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Thursday, Oct 24, 2019

Chandrayaan 2 : Science & technology are experiment-based, success will be achieved eventually, says HBTU Prof

Despite the setback, people here hailed the efforts of the Indian Space Research Organisation (ISRO) and the scientists associated with the mission.

cities Updated: Sep 07, 2019 18:33 IST
HT Correspondent
HT Correspondent
Kanpur
At some educational institutions, such as the BNSD Shiksha Niketan, big television screens had been set up to enable students to watch the landmark event.
At some educational institutions, such as the BNSD Shiksha Niketan, big television screens had been set up to enable students to watch the landmark event.(HT image)
         

People across the city, especially academicians and students, remained awake till the wee hours of Saturday to watch the Chandrayaan-2 lander touch the lunar surface. However, lander Vikram lost communication with the ISRO control room when it was reportedly around 2 km from the Moon’s surface, and scientists said they would know more only after analysing the data.

Despite the setback, people here hailed the efforts of the Indian Space Research Organisation (ISRO) and the scientists associated with the mission.

Professor SU Siddiqi of the Harcourt Butler Technical University (HBTU) said, “We are proud of the efforts of the ISRO scientists. Technological snags can come at any stage despite one’s best efforts. The ISRO scientists have always worked hard. We are sure they will eventually find a way to overcome the snag that hit the communication system this time.”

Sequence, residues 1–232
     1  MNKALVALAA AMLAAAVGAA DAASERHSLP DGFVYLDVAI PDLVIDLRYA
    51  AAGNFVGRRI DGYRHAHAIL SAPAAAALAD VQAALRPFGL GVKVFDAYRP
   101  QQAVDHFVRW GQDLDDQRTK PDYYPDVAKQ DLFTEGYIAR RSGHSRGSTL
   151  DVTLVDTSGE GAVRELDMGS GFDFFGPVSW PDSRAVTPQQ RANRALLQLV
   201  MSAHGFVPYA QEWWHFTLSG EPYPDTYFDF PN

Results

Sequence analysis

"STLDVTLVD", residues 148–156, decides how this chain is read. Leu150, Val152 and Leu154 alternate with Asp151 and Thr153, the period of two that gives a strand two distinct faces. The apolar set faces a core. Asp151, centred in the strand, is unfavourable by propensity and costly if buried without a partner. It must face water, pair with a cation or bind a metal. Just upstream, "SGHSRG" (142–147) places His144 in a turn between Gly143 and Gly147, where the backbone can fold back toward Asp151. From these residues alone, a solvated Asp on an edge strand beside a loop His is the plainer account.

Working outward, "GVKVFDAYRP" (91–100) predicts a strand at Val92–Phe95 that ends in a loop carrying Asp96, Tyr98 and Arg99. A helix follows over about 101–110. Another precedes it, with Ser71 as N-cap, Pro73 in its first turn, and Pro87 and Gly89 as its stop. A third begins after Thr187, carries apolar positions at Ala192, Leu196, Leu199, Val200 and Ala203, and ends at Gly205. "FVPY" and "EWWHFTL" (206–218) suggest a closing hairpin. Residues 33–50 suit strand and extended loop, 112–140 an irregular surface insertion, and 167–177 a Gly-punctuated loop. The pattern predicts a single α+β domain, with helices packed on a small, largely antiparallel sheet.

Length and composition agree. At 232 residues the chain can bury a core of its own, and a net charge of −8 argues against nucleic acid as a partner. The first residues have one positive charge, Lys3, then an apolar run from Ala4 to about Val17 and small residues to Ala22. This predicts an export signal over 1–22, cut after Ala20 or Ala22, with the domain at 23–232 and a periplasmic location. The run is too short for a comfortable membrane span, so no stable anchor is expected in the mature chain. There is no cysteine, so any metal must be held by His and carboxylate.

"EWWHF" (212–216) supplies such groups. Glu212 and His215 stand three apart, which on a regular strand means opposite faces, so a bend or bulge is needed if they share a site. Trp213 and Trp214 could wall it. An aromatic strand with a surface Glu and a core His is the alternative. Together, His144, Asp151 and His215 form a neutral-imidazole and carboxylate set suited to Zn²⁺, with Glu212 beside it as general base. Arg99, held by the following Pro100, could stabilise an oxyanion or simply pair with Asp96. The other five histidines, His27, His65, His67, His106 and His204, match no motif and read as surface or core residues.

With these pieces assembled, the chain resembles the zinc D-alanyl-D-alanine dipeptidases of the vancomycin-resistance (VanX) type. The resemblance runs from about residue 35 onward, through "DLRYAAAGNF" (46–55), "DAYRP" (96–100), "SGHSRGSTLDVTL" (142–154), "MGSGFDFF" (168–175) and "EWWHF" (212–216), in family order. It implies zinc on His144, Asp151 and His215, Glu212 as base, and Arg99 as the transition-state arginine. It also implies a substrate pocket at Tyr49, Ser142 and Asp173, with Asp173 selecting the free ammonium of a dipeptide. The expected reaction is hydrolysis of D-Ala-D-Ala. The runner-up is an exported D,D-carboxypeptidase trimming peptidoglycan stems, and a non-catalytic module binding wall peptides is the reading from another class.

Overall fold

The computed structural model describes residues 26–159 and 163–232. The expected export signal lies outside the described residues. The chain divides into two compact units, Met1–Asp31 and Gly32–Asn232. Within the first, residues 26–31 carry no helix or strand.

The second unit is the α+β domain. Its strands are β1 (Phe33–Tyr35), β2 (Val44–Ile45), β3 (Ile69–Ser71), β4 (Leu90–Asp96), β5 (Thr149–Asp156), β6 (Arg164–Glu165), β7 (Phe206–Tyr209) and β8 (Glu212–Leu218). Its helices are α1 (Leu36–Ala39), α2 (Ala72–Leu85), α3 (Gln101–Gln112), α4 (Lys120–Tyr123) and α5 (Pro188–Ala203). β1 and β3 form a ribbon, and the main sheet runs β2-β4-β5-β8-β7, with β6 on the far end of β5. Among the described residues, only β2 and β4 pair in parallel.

At the Indian Institute of Technology (IIT-K), students remained awake late into the night, watching live coverage of the landing on their mobile phones in the hostel rooms. A student of aerospace engineering at the institute said, “We were hopeful of the mission’s success. However, failure of communication shows that there is a need to deliberate over and make the communication systems foolproof for other ventures in future.”

At some educational institutions, such as the BNSD Shiksha Niketan, big television screens had been set up to enable students to watch the landmark event.

While initially, many viewers were disappointed with the lander getting lost, they unanimously said that the communication break would not hamper the indomitable sprit of Indian scientists and researchers.

Students like Saumya Agnihotri, Surya Kumar and Raghu Nandan Dev -- studying in different private engineering colleges -- said that as engineering undergraduates, they knew that a communication snag was a “very common technological phenomenon”. “This is how technology has been perfected over time -- by facing ups and downs,” said Saumya.

Professor Manoj Shukla of HBTU said, “Science and technology are based on experiments. Scientists remain optimistic for all their work but at times, they face unpredictable situations that are not in their control. What happened in the communication system of Chandrayaan-2 is a matter of deep study. But the scientists’ efforts were laudable and success will be achieved eventually.”

Meanwhile, Professor KS Venktesh of aerospace engineering and Professor Ashish Dutta of mechanical engineering at the IIT-K, who had been associated with Chandrayaan-2, could not be reached for their comments.

First Published: Sep 07, 2019 16:01 IST

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